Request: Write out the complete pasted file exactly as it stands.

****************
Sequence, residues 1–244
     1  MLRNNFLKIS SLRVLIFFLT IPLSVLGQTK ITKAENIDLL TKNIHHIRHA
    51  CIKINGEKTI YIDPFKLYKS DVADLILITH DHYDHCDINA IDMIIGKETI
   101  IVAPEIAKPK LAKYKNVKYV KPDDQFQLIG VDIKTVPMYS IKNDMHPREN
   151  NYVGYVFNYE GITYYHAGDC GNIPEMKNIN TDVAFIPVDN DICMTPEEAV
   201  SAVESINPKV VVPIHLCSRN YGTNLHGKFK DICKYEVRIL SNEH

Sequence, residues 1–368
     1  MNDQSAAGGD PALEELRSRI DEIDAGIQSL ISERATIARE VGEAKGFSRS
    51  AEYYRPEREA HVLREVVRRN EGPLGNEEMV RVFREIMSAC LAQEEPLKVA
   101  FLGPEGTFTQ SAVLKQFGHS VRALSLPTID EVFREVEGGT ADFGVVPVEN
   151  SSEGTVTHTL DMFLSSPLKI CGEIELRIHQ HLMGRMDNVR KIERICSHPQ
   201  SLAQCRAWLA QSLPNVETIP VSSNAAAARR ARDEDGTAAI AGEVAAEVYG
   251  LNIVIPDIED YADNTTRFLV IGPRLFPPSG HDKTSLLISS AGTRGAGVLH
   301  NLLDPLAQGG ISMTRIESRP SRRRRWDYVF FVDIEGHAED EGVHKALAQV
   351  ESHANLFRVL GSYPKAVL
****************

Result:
Sequence, residues 1–244
     1  MLRNNFLKIS SLRVLIFFLT IPLSVLGQTK ITKAENIDLL TKNIHHIRHA
    51  CIKINGEKTI YIDPFKLYKS DVADLILITH DHYDHCDINA IDMIIGKETI
   101  IVAPEIAKPK LAKYKNVKYV KPDDQFQLIG VDIKTVPMYS IKNDMHPREN
   151  NYVGYVFNYE GITYYHAGDC GNIPEMKNIN TDVAFIPVDN DICMTPEEAV
   201  SAVESINPKV VVPIHLCSRN YGTNLHGKFK DICKYEVRIL SNEH

Sequence, residues 1–368
     1  MNDQSAAGGD PALEELRSRI DEIDAGIQSL ISERATIARE VGEAKGFSRS
    51  AEYYRPEREA HVLREVVRRN EGPLGNEEMV RVFREIMSAC LAQEEPLKVA
   101  FLGPEGTFTQ SAVLKQFGHS VRALSLPTID EVFREVEGGT ADFGVVPVEN
   151  SSEGTVTHTL DMFLSSPLKI CGEIELRIHQ HLMGRMDNVR KIERICSHPQ
   201  SLAQCRAWLA QSLPNVETIP VSSNAAAARR ARDEDGTAAI AGEVAAEVYG
   251  LNIVIPDIED YADNTTRFLV IGPRLFPPSG HDKTSLLISS AGTRGAGVLH
   301  NLLDPLAQGG ISMTRIESRP SRRRRWDYVF FVDIEGHAED EGVHKALAQV
   351  ESHANLFRVL GSYPKAVL